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Originally published Sunday, June 15, 2008 at 12:00 AM

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Candela hotel-condo project design boasts striking touches of nature

Tom Kundig's first high-rise isn't scheduled to break ground for at least 18 months. But if the luxury Candela Hotel & Residences gets...

Seattle Times business reporter

Tom Kundig's first high-rise isn't scheduled to break ground for at least 18 months. But if the luxury Candela Hotel & Residences gets built, it will look like nothing else in downtown Seattle.

Kundig's preliminary design shows one building that, from some perspectives, would look like two: a green, 19-story hotel and a white, 35-story condo tower.

Plans include a terraced, sunken courtyard studded with trees — not scrawny plums or cherries, but big Douglas firs.

The building, at Second Avenue and Pike Street, would have a cinched waist: big on the bottom, skinny in the middle, then bigger again up high. The top 13 floors of the condo tower would be cantilevered out up to 30 feet from the shaft below.

Kundig says his design for Candela references the Northwest lifestyle — casual, yet sophisticated — and its inextricable connection with the Northwest landscape: forests, mountains, clouds.

"It's part of our DNA," Kundig said. "Nature is part of our soul."

Greg Smith, a principal with project developer Urban Visions, says he challenged Kundig to design a building that was distinctly Seattle, that could exist only here.

"Tom's architecture reflects the Northwest," Smith said.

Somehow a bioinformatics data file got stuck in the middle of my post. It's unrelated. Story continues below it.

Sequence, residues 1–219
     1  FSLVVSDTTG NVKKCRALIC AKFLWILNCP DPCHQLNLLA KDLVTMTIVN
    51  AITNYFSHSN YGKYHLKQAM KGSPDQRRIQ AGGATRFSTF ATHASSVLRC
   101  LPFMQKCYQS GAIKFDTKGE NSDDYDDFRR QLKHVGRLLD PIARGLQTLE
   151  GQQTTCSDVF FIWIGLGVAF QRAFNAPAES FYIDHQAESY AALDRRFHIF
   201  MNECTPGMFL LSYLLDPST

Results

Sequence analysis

Take that sunken courtyard, for example. Smith calls it "the ravine."

Its footprint will get smaller as it drops two stories from street level. There will be water. The big firs will keep it in perpetual shade — Kundig says a colleague calls it "fatigued light," the kind you find on the floor of an old-growth forest.

And at the bottom of the ravine, where the light is most filtered and the city most distant, hotel guests and condo residents will find a spa.

"When you live in a city, you need that refuge," Kundig said.

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The architect says he also designed Candela to complement and enhance its built surroundings.

The quarter-block site, a lowly parking lot today, "truly is a crossroads," Kundig said.

It sits midway between the Pike Place Market and the Washington State Convention & Trade Center.

Millions of people — tourists and others — walk down Pike Street between those destinations every year.

Kundig's plans call for a restaurant that opens onto Pike and interacts with the street and for new paving and landscaping to make the connections stronger and the walk more interesting.

"The most important part of a building is down at the street level," Kundig said. "If it kind of goes away in the sky, that's perfect."

The Candela site also sits midway between two other iconic white towers, the Space Needle and Smith Tower, Kundig and Smith noted in a presentation to the city's Downtown Design Review Board last month.

"Hopefully it's as important as those buildings," Kundig said later, "but we won't know for 20 years."

The review board members had plenty of questions and some suggestions for Kundig. For the most part, however, they liked what they saw.

"It's a beauty," one member told Smith as the meeting broke up.

Kundig and Smith plan to present a fine-tuned design to the board sometime in the next few months. Urban Visions doesn't expect to get construction permits from the city until late 2009.

After that, Smith says, construction timing will hinge to a great extent on the mind-set of lenders, who lately have become especially risk-averse. Maybe the tide will have turned in 18 months, the developer says; maybe it will be later.

In any event, Smith said, "we're committed to making this happen."

Kundig acknowledges Candela is likely to be more prominent, more visible than anything he's done before. High-rises affect a community more than other buildings, he says. They shape its skyline. They influence its street life.

But the design principles are the same: If you understand a project's environment and set out to design something that fits, he said, "then the building just sort of starts to design itself."

Eric Pryne: 206-464-2231 or epryne@seattletimes.com

Copyright © 2008 The Seattle Times Company

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